Love, Zenobia: How to Write Your College Essay
There's so much to balance senior year, and college applications on top of everything can be tough. I hope this helps!
September 16, 2020
I understand there are so many “Do’s,” “Don’ts,” and “Consider this’s” about writing a college essay. There are also a variety of places to get this information, so I’ll make it easy for you and put it all in one article! As I type this, I’m reminding myself of my own research, so we’re pretty much in this together. Taken from both professionals and YouTubers who were accepted into Ivy Leagues, I’ve compiled the best information I found while figuring out how to write my essay and will take you on a step-by-step through the process.
Please note that this is specifically for your personal statement essay, I’ll do a separate article on supplemental essays soon.
Topics to Avoid (Sort Of)
Thinking of a topic to write about is arguably harder than actually writing the essay. As we brainstorm, here are some tips to keep in mind.
Disclaimer: It is OKAY to write a “stereotypical” essay, people write about these things so often because it’s easy to write them well! If you can make it into something beautiful, do so. The goal is to give admissions officers something unique and interesting.
The Most Common College Essays
(Source: The Kath Path, Stanford undergrad student, owns an editing business)
While they aren’t necessarily bad, these topics are some of the most common essays admissions officers see. The goal is to stand out, so unless you can make a phenomenal story with an execution that is not stereotypical, it’s recommended you stay away from these. Please don’t delete that draft you started if you see your topic on this list though! I’ll also include the top tips given for writing these in a way that works in case you decide to choose one of them.
1. Multicultural Background Essays
AKA, I moved around a bunch and never really fit in. Through the struggle of making friends and visiting new places, I learned it’s great to be different and that I’m super *confident*. Or, I moved to Japan and now I see the world so *differently*. NO!
Top Tip: Admissions officers see this story so much, you need to bring something new to the table! They want to hear about how when you were living in Siberia you befriended a Shaman, and she inspired you to learn how to use herbs to create medicines. Since then you’ve worked your way up to selling natural medicines as a side hustle and it’s the reason you’re majoring in Herbalism. IDK? Give them something. Avoid the cheesiness/clichés, be true and unique to yourself.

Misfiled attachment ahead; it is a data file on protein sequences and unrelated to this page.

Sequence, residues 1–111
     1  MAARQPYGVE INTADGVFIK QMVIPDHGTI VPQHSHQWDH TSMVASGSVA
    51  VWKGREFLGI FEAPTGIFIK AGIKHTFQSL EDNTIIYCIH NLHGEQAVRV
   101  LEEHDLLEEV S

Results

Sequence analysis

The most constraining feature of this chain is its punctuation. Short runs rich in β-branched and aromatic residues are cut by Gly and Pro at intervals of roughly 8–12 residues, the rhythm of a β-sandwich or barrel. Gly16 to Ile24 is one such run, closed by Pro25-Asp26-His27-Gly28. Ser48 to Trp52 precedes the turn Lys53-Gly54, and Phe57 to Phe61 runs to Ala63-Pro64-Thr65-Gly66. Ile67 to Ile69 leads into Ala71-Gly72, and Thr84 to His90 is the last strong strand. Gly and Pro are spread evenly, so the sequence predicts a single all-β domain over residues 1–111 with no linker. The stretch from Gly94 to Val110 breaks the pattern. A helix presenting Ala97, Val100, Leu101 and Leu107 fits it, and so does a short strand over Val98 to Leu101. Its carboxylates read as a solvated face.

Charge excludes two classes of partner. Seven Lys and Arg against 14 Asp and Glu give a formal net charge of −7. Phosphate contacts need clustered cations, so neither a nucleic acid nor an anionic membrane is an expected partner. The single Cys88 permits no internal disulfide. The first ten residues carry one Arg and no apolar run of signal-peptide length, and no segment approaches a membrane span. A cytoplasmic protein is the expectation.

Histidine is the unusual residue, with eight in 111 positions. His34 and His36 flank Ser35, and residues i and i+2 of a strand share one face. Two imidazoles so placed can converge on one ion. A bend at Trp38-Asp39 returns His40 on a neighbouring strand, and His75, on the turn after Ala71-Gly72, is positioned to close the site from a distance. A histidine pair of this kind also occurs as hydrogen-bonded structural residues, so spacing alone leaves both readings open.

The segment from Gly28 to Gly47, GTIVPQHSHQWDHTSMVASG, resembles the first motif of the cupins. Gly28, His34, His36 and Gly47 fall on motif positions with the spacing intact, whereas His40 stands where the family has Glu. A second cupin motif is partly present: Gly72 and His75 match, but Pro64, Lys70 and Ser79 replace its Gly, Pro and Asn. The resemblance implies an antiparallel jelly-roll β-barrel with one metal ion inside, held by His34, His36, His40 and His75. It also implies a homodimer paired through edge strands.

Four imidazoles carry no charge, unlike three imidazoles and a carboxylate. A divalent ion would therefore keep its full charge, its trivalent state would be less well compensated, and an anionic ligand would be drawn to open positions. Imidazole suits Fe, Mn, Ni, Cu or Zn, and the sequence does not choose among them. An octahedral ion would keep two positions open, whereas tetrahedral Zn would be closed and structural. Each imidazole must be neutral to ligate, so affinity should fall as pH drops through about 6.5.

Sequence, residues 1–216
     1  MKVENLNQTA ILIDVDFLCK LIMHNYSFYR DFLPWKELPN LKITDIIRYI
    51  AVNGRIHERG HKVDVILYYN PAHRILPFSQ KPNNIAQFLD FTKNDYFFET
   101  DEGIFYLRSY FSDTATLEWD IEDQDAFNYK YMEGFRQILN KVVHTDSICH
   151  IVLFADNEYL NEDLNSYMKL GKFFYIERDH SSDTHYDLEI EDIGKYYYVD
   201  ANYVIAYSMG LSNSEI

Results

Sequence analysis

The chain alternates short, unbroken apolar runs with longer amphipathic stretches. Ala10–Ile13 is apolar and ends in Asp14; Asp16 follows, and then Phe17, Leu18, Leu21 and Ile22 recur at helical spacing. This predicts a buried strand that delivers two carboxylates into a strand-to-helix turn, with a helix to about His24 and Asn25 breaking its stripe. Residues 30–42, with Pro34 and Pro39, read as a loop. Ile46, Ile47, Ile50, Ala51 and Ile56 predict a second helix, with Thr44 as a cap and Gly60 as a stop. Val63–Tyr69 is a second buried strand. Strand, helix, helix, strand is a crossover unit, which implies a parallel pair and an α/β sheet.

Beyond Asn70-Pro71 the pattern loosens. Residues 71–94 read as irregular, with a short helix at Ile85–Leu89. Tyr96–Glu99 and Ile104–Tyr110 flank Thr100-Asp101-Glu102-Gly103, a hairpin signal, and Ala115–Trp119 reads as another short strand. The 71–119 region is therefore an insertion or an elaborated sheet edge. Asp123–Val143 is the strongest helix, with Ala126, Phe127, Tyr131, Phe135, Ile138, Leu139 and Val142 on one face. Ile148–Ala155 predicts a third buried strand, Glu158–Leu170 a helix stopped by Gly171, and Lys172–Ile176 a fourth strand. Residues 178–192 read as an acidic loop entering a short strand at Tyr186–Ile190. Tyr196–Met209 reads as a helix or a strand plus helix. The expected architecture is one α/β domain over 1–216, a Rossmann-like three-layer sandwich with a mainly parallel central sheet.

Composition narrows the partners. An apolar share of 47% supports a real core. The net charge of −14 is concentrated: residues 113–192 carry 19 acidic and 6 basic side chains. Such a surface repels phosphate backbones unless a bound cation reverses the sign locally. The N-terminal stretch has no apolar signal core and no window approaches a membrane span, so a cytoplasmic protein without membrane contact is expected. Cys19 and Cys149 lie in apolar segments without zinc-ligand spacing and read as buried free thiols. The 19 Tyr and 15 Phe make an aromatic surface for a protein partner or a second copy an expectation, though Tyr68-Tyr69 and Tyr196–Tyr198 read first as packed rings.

2. Struggling to Win a Competition Essays
This is the: I was in a [insert type here] competition, my group and I went through [insert amount] setbacks and challenges, but we worked together to come out on top and won 1st place. Now I understand the importance of teamwork!
Top Tip: Normally the people writing this essay were the leaders of their group. Don’t make it seem like you’re above it all. Everyone likes humbleness, universities and colleges want to know that you’re able to work with people without being problematic.
3. [STEM, etc.] field: My Emotional Savior Essay
When going into a field that is seen as “boring, uncreative, bland,” etc., students will talk about how this is their LIFE. It’s their creative outlet, and they have a strong emotional connection to it, and they wish the world could see it how they did. Now listen, nobody is saying that this isn’t true. For the majority of people going into these types of fields, they really do see it as a creative outlet and appreciate them for what they are. That’s beautiful, really! You just have to go about telling your story correctly.
Top Tip: One of the most common errors for this essay is forced metaphors to make your story more *spicy*. Math is not like a rainbow, and you’re a leprechaun. Don’t even think about it. What made you want to go into the field? Simple as that.
4. An Intense Sports Moment (Surprising, I know)
Whenever this type of story is written, people often write narrative style. “With sweat drenching my clothes, I watched the court with bated breath. Thirty seconds left.” Ma’am, this is a McDonalds drive-thru. I understand, you pushed yourself physically and learned emotionally from it. But… (see below)
Top Tip: Don’t over-describe the details, you’re not writing a book! Avoid just take up word space, really convey how this particular moment helped you learn something about yourself, or you did something you never thought you could in the heat of the moment. You can get this point across without writing as if you’re getting published. Analysis > Example.
5. The Generic Leadership Essay
First of all, I’m so proud of you! You started a business, or a club, or an organization. You did the research, went through all the paperwork, built a website and a team, solved this and that problem… I’m losing my breath here. That’s fantastic. No one is saying this is a bad essay. The issue here is that everyone chooses the same structure:
I saw a problem -> I wanted to fix said problem -> I struggled -> I had to [insert hard work here] -> I started it -> The End!
Top Tip: Do your best to choose a more unique structure in order to make this as personal and impactful as possible.
6. The Rebelling Against My Parents Essay
Here’s an example: I’ve always had a passion for social studies, but my parents want me to be a lawyer. This is why they want me to do this, this is why I want to do that. TURNING POINT! I rebel, they begin to understand how important social studies is to me, and we come to a mutual agreement.